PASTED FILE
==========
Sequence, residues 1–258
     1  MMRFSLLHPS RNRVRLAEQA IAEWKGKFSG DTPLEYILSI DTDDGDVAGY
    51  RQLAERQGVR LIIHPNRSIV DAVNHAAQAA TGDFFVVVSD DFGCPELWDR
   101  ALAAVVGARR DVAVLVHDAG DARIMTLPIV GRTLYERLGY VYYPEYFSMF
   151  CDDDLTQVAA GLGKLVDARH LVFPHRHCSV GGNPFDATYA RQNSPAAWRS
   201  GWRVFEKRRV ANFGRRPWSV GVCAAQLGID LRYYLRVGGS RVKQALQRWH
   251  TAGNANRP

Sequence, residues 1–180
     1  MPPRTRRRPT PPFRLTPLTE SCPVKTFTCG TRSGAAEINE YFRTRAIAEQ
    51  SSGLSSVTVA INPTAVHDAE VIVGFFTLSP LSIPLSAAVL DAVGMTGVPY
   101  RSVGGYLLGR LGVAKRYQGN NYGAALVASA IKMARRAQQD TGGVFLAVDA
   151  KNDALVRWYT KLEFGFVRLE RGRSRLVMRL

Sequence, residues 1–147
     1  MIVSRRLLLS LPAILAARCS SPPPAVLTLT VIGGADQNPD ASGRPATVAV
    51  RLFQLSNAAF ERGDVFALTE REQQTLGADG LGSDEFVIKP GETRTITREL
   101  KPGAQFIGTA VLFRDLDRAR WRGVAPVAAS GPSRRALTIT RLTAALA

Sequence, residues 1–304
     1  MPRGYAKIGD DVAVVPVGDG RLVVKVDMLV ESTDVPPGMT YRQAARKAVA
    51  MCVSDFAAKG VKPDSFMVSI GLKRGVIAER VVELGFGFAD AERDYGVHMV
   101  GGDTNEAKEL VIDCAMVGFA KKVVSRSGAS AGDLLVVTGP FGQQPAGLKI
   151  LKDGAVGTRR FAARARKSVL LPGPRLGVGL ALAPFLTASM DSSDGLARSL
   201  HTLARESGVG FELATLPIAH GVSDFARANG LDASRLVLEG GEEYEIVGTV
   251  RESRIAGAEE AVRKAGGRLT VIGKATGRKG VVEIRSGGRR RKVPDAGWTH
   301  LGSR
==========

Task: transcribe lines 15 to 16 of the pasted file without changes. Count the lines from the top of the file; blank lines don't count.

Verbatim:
    51  RLFQLSNAAF ERGDVFALTE REQQTLGADG LGSDEFVIKP GETRTITREL
   101  KPGAQFIGTA VLFRDLDRAR WRGVAPVAAS GPSRRALTIT RLTAALA